An actionable guide for the design generalist
🗓 4th September, 2019
There’s no doubt that us product design generalists have a lot on our plate. We’re researchers and analysts on some days, experience designers on other days, and pull off anything in between that ultimately effects the customer.
With so many aspects to cater for, it’s easy for us to begin at the wrong place and jump over several steps that would’ve set a solid foundation for better outcomes. Even though the design process is circular and going back and forth is inevitable, I’ve learnt that there are three particular phases that when cycled in a specific order, yield better outcomes.
These three phases are:
- Value creation phase (VC)
- Experience design phase (XD)
- Sensory design phase (SD)
When followed in this specific order, each phase will allow product design generalists to set up a robust scaffolding to support the next phase.
Outcomes can only turn out as great as the foundation set in previous stages, if there is little substance to leverage then that will pose limitations down the line. You may have heard the phrase "Garbage in, garbage out" before.
This is why it's important to set ourselves up for success one step at a time and avoid the inevitable diminishing returns that come along with the limitations posed by each phase.
It's normal for us to feel overwhelmed by the hundreds of things that need to happen before a product is ready for shipping. This sense of overwhelm may leave us wanting to cut to the chase, however here's what happens each time we rush:
- Jumping over the value creation phase (VC) will likely leave us with a product or service that doesn't deliver anything deeply valuable to the customer, business or team. We'd have to ask if it was worth building at all by the end of it.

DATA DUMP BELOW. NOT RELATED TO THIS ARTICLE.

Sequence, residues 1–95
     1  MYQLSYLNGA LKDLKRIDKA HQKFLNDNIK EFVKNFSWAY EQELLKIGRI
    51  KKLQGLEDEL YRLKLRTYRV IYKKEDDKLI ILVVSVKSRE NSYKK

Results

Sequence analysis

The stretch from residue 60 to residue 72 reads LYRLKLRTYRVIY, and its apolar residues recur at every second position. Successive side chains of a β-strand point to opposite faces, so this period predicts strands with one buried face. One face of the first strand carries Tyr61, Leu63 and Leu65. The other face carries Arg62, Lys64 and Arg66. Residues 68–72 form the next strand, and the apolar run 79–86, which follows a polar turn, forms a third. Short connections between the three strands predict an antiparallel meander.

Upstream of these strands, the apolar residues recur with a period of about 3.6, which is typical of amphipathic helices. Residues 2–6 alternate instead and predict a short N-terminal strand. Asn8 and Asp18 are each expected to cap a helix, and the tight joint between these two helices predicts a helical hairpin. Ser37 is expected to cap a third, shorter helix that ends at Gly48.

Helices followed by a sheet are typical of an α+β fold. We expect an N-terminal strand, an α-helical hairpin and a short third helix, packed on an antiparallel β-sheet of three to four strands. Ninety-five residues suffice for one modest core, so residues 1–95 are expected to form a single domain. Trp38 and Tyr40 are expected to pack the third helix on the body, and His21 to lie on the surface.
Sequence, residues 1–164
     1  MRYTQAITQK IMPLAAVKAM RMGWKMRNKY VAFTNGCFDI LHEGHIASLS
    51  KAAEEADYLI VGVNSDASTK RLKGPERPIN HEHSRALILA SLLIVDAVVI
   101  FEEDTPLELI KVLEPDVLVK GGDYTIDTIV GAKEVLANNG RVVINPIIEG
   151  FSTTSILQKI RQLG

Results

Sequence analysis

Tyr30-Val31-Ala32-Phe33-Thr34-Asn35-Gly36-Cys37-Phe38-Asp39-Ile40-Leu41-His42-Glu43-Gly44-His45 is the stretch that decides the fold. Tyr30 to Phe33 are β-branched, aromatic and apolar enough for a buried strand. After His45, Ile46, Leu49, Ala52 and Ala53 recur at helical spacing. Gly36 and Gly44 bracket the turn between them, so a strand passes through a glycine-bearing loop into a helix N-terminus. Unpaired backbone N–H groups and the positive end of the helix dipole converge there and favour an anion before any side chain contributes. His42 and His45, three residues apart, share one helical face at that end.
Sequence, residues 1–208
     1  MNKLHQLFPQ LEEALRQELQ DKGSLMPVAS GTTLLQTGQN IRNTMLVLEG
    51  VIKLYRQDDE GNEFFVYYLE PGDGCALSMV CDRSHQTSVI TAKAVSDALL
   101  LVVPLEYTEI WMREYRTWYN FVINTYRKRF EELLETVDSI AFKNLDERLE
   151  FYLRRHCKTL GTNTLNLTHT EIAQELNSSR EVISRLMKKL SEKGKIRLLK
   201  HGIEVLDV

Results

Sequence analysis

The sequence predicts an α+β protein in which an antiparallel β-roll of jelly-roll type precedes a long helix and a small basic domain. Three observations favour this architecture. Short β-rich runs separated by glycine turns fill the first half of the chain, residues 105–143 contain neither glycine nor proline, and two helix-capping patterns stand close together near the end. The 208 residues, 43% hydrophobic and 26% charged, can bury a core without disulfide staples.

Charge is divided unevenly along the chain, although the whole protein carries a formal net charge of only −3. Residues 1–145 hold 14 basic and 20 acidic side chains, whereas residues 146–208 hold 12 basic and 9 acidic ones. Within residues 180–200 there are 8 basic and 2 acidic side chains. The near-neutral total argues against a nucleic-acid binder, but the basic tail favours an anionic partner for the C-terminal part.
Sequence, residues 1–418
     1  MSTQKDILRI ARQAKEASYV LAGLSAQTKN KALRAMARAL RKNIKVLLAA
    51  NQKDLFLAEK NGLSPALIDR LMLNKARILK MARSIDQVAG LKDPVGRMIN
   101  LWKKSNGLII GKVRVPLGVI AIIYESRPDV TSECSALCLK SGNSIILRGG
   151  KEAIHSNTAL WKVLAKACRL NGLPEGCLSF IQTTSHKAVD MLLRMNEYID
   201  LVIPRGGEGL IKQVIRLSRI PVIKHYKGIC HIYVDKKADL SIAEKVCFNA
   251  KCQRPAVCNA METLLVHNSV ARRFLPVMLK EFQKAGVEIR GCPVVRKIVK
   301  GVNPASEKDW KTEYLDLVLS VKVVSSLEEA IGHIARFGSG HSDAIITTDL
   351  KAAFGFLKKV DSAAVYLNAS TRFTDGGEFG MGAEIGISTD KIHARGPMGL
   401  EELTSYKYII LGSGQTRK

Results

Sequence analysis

- Jumping over the experience design phase (XD) will likely leave us with a product or service that works for some in a few ideal use cases and punishes everyone else as the experience falls apart for 'them'.
- Jumping right to the sensory design phase (SD) will likely leave us with a nice looking product or a smooth service that also doesn't deliver more than mere sensory joy.
Can you see where this is going?
My experience has thought me to spend quality time in the earlier phases and to always set broad foundations. This is because covering more ground earlier on leads to better quality decisions down the line which ultimately allow for a higher level of positive outcomes.
Simply put, the broader each foundation is, the less diminishing returns will be experienced in each phase that follows.
Value creation phase (VC) - phase 1
The VC phase is where we have the opportunity to discuss ‘why’ we came together to create something for the customer and how that will benefit them, the business and the teams building the product in some cases too.
At times we can easily forget that nobody uses products to admire them except people who build products.
People use products for the value they deliver and for the people they become as a result.
In the VC phase there can be no diminishing returns as this is were it all begins. A great rule of thumb in order to hit the ground running is to focus on having quality, macro conversations and to stay away from solutions, details, opinions and personal preferences.
The VC phase is highly abstract because discussion, metrics and white board sessions inspire all the tangible and detailed output that will follow later. The risk of getting too tangible and specific at this point is skipping over to the next phase prematurely and triggering a first round of diminishing returns as we’ll discuss later on.
Here’s an incomplete list of topics to consider discussing during the VC phase: